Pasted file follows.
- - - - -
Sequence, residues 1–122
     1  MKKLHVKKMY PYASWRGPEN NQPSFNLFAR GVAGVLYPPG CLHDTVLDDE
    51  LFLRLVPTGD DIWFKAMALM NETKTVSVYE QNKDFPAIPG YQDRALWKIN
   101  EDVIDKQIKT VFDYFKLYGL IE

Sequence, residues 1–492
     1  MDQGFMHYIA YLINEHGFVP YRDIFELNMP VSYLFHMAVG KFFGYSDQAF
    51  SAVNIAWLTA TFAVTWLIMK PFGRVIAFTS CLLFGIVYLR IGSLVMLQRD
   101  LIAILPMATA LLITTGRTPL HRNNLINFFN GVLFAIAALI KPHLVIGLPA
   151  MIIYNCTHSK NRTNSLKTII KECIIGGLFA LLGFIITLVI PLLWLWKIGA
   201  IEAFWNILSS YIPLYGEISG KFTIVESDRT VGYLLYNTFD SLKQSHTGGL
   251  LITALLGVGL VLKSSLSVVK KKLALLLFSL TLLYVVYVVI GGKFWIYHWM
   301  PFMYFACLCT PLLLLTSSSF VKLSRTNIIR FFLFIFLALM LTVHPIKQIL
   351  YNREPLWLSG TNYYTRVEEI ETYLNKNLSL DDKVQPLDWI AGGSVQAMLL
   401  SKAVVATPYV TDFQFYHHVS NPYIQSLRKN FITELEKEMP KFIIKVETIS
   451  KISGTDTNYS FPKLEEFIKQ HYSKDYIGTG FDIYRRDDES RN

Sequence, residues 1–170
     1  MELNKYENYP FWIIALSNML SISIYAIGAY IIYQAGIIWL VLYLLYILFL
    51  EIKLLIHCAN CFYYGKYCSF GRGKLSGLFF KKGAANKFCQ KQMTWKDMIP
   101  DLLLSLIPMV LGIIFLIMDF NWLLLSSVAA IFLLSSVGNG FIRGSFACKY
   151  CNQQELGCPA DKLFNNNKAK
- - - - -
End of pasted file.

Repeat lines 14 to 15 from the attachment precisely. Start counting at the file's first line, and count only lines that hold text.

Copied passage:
   401  SKAVVATPYV TDFQFYHHVS NPYIQSLRKN FITELEKEMP KFIIKVETIS
   451  KISGTDTNYS FPKLEEFIKQ HYSKDYIGTG FDIYRRDDES RN